My Next Move for Veterans is created for the U.S. Department of Labor, Employment & Training Administration, by the National Center for O*NET Development. My Next Move for Veterans helps U.S. veterans find jobs by providing a usefuk set of tools and information to match tasks, skills, salary information and job listings that can ultimately result in veterans hired in the civilian work force.
Troops to Teachers is a U.S. Department of Education and Department of Defense program that helps eligible military personnel begin a new career as teachers in public schools where their skills, knowledge and experience are most needed.
VA is committed to hiring Veterans. If you are transitioning from the military, a Veteran already, or an active Reserve or National Guard member, we invite you to explore the benefits of continuing your career at VA.
VETS Proudly Serves Veterans & Service Members! We Provide Resources and Expertise to Assist and Prepare them to Obtain Meaningful Careers, Maximize their Employment Opportunities, and Protect their Employment Rights.
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MachoSpouse teamed with USAA for a financial management video series aimed at Military members and Veterans.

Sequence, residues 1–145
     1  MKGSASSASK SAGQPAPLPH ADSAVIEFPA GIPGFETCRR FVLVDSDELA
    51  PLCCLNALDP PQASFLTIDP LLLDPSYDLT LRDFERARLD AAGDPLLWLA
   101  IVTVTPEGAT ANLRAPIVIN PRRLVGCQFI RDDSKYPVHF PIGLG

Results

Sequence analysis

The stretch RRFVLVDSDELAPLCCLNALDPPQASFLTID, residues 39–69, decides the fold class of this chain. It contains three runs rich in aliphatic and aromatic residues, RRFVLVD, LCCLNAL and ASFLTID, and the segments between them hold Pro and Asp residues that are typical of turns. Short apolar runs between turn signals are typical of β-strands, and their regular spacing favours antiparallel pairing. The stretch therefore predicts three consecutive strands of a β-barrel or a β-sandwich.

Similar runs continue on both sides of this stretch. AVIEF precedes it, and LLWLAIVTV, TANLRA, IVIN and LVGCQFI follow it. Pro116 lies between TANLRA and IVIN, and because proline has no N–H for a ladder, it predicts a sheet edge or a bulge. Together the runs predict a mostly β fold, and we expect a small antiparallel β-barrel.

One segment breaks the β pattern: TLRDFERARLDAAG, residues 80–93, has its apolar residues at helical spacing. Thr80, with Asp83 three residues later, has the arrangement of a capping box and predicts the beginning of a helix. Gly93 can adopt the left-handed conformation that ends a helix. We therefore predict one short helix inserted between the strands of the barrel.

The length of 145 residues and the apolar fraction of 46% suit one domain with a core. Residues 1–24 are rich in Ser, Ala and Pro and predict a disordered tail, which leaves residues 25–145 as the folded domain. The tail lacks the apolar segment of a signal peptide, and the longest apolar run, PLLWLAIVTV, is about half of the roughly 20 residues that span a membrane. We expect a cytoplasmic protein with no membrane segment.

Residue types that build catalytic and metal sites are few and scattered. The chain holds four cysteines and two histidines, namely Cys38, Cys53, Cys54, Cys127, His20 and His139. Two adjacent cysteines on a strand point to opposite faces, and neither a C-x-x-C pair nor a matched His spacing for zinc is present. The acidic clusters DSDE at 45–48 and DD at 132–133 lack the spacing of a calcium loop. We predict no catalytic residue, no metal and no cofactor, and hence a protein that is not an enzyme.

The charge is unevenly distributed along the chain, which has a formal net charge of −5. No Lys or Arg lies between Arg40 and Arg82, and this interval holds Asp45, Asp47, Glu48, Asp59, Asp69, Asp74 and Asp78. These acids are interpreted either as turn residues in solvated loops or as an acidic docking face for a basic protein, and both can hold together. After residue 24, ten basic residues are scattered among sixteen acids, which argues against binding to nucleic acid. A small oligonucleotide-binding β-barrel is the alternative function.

The MachoSpouse.com Macho Money area has videos filled with valuable financial information including, Definitions, Military Spouse Investing 101, Financial Advice, and Money Do's and Don'ts.
Help Us Help Them!
Do you have helpful information, resources, services or products for US Military Veterans and their families? You can help us to help US Military Veterans and their families by sharing that information on this website.
Join us now and share your US Military Veterans Information, resources, services and products with others who need it.
This website was created by a male military spouse as a way to help US Military Veterans and their families and this site is ALWAYS FREE to join.
VA for Vets facilitates the reintegration, retention and hiring of Veteran employees at the Department of Veterans Affairs (VA). We offer career-search tools for Veterans seeking employment at VA, career development services for our existing Veterans, and coaching and reintegration support for military service members. VA for Vets is your gateway to a rewarding career serving our nation's Veterans.